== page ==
UNIDENTIFIED FEMALE: Did Conrad Murray ever mention the word "Propofol" to you during the time that you were at the location or in his presence?
UNIDENTIFIED MALE: No, he did not.
KAYE: Day six, a harem of women -- a stripper, former cocktail waitress, and Murray's girlfriend -- all testify they were in touch with Murray the day Jackson died. Sade Anding was on the phone with Murray when he noticed Jackson wasn't breathing.
SADE ANDING, FRIEND OF CONRAD MURRAY: I said, "Hello, hello?" I didn't hear anything.
KAYE: Day seven, a disturbing iPhone recording taken by Murray is played in court of Michael Jackson sounding wasted and slurring his words.
MICHAEL JACKSON, POP STAR: I love them. I love them, because I didn't have a childhood. I had no childhood. I feel their pain. I feel their hurt.
KAYE: Also on day seven, Elissa Fleak (ph), an investigator for the coroner's office, testifies she found 12 bottles of Propofol in Jackson's bedroom, though the defense jumped on her for what they call mistakes in her investigation.
Day nine, detective Scott Smith shares his two-hour recorded interview with Dr. Murray.
DR. CONRAD MURRAY, ON TRIAL FOR JACKSON'S DEATH: I sat there and watch him for a long enough period that I felt comfortable. Then I needed to go to the bathroom. Then I came back to his bedside and was stunned in the sense that he wasn't breathing.
KAYE: Day 14, the prosecution's key expert, Dr. Steven Shafer, testifies the only scenario that fits is that Murray hooked Jackson up to a slow Propofol IV drip and didn't notice he stopped breathing.
Day 18, the defense puts Murray's former patients on the stand to praise Murray. He listens in tears.
Day 20, the so-called father of Propofol, Dr. Paul White, testifies for the defense. He supports the theory Jackson gave himself the fatal dose, unaware it would kill him.
UNIDENTIFIED MALE: So you think it was a self injection of Propofol near the hour of -- between 11:30 and 12 that did it?
DR. PAUL WHITE, PROPOFOL EXPERT: In my opinion, yes.
KAYE: Day 21, Murray takes a hit when prosecutors press Dr. White about Murray's failure to tell paramedics he gave Jackson Propofol.
WHITE: It was obviously overlooked. He didn't tell them.
UNIDENTIFIED MALE: Well, not obviously. It could also be a lie. Correct? Correct? That's another option.
WHITE: If you say so, I guess, yes.
UNIDENTIFIED MALE: That's another option. Correct?
WHITE: It's an option, yes.
KAYE: That same day on cross-examination, prosecutors get White to admit he believes Murray drew up the syringe of Propofol and left it in the bedroom, accessible to Jackson.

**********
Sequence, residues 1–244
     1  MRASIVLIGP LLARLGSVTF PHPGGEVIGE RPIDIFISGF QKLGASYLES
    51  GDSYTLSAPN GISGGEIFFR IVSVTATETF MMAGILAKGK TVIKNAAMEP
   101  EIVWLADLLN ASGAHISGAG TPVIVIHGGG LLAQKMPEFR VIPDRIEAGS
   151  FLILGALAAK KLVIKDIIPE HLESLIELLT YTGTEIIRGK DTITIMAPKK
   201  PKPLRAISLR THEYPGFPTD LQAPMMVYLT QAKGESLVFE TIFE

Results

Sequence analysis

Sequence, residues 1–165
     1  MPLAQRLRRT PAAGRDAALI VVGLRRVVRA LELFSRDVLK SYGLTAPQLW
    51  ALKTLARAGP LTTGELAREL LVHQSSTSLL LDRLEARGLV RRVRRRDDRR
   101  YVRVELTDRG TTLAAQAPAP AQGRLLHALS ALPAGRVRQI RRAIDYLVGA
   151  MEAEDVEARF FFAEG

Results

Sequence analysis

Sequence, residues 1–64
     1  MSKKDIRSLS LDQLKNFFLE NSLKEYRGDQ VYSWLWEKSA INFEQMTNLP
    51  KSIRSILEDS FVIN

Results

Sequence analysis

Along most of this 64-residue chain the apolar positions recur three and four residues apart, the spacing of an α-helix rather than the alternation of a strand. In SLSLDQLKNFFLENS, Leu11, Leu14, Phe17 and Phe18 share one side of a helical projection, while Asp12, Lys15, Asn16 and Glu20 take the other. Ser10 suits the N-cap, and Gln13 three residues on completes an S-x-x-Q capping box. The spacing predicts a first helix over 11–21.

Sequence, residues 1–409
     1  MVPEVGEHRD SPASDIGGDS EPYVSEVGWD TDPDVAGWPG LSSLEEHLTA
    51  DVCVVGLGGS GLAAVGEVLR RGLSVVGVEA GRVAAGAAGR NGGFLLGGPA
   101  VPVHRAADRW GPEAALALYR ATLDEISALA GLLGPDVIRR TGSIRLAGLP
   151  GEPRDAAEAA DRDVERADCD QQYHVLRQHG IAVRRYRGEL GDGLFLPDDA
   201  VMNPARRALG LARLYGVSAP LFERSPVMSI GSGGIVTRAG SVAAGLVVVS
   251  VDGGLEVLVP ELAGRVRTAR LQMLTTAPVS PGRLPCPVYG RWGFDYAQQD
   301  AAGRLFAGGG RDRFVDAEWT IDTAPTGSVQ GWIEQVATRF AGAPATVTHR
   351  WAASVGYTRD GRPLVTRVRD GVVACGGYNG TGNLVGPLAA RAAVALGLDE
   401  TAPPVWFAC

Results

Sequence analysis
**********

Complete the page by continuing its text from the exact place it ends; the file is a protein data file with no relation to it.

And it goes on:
COOPER: Randi, you watched the closing arguments. What struck you today?
KAYE: Well, Anderson, I mean, I think the prosecution played it really well. We've had about five weeks of testimony. A whole lot of detail. A whole lot of science. But prosecutor David Walgren came straight out of the gate going for the emotion.
He reminded the jury that this isn't just about Michael Jackson. This is about his children. He reminded them that it was Paris who was curled up in a ball on the floor crying, when her father is in cardiac arrest. Prince, the oldest son, was in shock. And now Blanket, who's just 9 years old, the youngest child, they all have to grow up without their father.
He had such a strong closing argument, Anderson, that when he left the courtroom he was cheered.
Every day in the hallway outside that courtroom, all the Michael Jackson fans are lined up. They're usually pretty quiet. But today they cheered. They erupted. They actually were screaming great job, great job.
Now, the defense had some good moments, too. They reminded the jury that this is not a reality show, Anderson. This is real life, and you don't convict Conrad Murray because this is Michael Jackson -- Anderson.
COOPER: Do you think the jury is going to return a verdict quickly?
KAYE: I do. I mean, I'll be really surprised if we don't have a verdict tomorrow, because they weren't taking notes today in court. They really seemed to want this over with. In recent weeks they've been heard whispering that they want to get this done. The trial is already a week longer than it was supposed to have been. So like I said, I'll be real surprised if we don't have this over with tomorrow.
COOPER: All right. Randi, appreciate it. Thanks very much.
Still ahead tonight, new reports of deadly violence in Syria, despite the government's promise to end its crackdown on its own people. What opposition groups say they witnessed today.
Back her at home, in Oakland, California, anti-Wall Street protesters are tear-gassed and arrested after demonstrators shut down the city's port last night. The latest on that.
And incredible video of a surfer's surprise encounter with a pair of humpback whales. Amazing stuff, next.
SESAY: Back to Anderson in a moment. First, a "360 Bulletin."
Starting in Syria, fresh reports of violence just a day after the government pledged to end its crackdown. Opposition groups say Syrian troops killed at least 20 civilians in two cities while rounding up anti-government protesters.